Although the course is essentially out-and-back to Knoll Beach, it's cleverly designed so you rarely use the same paths twice. Back in Swanage, instead of swimming past the town, we ran along the promenade, dodging bemused locals and visitors (we’d been warned not to knock over the waiters serving coffee), before a long swim along the eastern end of Swanage Bay. From here, it was 'just' a 5km run and an easy swim to the end.

But be warned: this 5km run takes you back across Ballard Down. And second time around, you take the more direct but steeper route. It's a lung-burning climb followed by a thigh-busting descent. If you do this event, hold something back for this run. And practice running up and down hills.

It's then back to Knoll Beach for the final swim and a quick dash across the dunes to the finish. I've done many swimruns that finish at the top of a hill. This one avoided the trauma of a final climb but I don't know what they did to the sand while we were racing. On fresh legs, running across the dunes was easy. Coming back, I struggled to stay on my feet.

David Trehane, the organiser, clearly knows the area well. He regularly runs these trails and does the swims, and that local knowledge showed. He’s also a swimrun enthusiast, has done many events himself, and knows what participants look for. Even though there were last-minute changes due to the weather, you wouldn’t have known it if you hadn’t seen the original plans. The route had everything you want for a great event: a variety of terrain, safe and easy-to-navigate swims, and amazing views. The organisation was slick. I liked that we had the race briefing online a couple of days early, which eased the logistics. It started at a civilised time of day and parking was easy (and free for National Trust members). There were four feed stations, all well-stocked with Precision Fuel and Hydration energy products plus bananas, millionaire shortbread bites, Jaffa Cakes and other goodies. The marshals were friendly, encouraging and helpful and there's a cafe nearby for refuelling at the end.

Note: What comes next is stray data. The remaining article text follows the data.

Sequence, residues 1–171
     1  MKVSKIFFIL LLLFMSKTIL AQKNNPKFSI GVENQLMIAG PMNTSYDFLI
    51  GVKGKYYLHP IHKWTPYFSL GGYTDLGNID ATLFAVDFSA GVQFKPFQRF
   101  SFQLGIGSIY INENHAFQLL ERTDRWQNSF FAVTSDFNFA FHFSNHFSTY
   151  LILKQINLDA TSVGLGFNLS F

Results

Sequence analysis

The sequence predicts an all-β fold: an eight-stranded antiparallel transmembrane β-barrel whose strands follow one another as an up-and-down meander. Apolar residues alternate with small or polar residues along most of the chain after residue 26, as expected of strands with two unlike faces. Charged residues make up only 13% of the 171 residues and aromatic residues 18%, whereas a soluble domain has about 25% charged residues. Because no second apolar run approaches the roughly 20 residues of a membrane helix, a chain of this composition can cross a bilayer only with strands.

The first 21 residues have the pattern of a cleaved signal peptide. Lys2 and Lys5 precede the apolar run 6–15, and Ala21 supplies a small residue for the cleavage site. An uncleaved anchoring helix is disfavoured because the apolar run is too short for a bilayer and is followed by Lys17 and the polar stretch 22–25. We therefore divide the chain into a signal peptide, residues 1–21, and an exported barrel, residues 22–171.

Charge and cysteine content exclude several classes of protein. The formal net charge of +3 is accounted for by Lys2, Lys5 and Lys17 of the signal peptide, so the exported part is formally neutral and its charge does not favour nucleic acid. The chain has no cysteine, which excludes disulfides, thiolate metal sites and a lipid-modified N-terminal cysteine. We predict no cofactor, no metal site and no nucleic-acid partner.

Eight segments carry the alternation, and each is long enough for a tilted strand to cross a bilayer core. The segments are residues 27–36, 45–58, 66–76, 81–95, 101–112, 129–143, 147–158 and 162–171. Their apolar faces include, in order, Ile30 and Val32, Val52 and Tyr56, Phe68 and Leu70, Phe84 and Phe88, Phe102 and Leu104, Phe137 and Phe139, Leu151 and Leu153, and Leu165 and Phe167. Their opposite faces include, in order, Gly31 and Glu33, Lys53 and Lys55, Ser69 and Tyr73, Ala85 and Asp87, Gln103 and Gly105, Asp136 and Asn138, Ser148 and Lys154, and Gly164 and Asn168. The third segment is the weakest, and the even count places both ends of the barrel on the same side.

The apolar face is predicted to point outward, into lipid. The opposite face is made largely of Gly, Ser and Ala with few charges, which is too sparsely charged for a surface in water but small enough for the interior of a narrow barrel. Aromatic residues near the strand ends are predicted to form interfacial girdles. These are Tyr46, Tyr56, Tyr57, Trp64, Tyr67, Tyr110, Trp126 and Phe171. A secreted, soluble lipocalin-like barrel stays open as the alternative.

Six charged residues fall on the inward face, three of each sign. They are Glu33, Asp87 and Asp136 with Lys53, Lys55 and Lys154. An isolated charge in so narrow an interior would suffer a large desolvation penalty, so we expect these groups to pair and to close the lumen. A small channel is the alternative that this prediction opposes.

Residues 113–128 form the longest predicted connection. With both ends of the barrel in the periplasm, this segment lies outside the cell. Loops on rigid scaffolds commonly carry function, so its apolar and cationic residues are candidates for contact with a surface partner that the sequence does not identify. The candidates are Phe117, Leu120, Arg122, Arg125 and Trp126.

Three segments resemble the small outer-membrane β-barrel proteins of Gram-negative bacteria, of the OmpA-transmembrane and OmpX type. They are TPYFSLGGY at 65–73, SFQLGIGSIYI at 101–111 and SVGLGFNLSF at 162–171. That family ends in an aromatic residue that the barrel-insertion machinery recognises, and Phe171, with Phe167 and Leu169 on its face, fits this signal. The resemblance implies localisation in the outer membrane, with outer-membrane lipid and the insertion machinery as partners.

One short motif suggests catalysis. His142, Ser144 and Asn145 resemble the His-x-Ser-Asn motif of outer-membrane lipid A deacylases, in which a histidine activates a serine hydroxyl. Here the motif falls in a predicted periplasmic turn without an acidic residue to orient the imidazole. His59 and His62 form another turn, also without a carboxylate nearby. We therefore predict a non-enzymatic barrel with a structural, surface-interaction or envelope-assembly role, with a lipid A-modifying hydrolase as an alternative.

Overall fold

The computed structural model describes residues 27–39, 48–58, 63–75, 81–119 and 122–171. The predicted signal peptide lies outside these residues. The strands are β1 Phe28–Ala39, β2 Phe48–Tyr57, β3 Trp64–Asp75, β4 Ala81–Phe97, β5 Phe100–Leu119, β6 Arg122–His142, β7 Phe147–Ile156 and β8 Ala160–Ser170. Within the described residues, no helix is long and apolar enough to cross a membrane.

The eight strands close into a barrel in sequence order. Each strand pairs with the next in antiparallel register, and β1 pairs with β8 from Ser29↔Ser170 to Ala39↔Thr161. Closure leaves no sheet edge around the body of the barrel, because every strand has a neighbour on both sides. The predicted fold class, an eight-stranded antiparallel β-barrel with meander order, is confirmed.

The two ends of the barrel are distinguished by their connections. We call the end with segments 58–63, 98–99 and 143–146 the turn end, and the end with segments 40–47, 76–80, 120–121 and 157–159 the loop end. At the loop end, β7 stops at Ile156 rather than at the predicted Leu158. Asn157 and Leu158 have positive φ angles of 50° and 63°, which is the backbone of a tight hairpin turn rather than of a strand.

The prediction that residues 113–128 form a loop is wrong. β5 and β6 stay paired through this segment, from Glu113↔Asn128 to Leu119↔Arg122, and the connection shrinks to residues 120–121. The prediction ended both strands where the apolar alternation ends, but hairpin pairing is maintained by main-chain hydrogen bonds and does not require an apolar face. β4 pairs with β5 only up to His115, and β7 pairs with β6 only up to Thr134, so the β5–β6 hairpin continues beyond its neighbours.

We did the long course, which totalled almost 25km. There was also a 10.6km middle distance and 8.5km short distance event.

Another nice touch was the option to meet at a local pub for pizza on Saturday evening, where we dissected the race with fellow participants while enjoying sunset views over Bournemouth Bay.

The organisers did well to hold their faith in the weather and enable to event to go ahead with only minor changes. We heard afterwards that some participants pulled out because of uncertainty about the conditions. In the end, they were better than predicted and I’ve raced in far worse. They missed out on an amazing day.

If you want to do this event next year, be ready to sign up when it opens as it sold out fast. It’s a challenging course for experienced swimrunners while still being accessible to first timers. On the short course event, around two thirds of participants were first timers. On the long course race, more than a third were doing their first swimrun.

Find out more

Event website: https://iswimrun.com/

2024 Results

Short - https://iswimrun.com/short-course-results/

Middle - https://iswimrun.com/middle-course-results/

Long - https://iswimrun.com/long-course-results/

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Images thanks to @ryanshelleyphotography and @mr.mister_photography